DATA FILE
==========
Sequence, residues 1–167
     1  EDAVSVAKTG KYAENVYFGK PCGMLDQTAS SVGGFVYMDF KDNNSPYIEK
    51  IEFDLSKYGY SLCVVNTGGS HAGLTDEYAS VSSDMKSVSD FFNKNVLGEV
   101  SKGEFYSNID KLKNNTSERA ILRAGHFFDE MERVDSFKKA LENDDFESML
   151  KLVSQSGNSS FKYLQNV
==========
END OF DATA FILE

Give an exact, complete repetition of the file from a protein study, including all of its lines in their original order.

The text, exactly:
Sequence, residues 1–167
     1  EDAVSVAKTG KYAENVYFGK PCGMLDQTAS SVGGFVYMDF KDNNSPYIEK
    51  IEFDLSKYGY SLCVVNTGGS HAGLTDEYAS VSSDMKSVSD FFNKNVLGEV
   101  SKGEFYSNID KLKNNTSERA ILRAGHFFDE MERVDSFKKA LENDDFESML
   151  KLVSQSGNSS FKYLQNV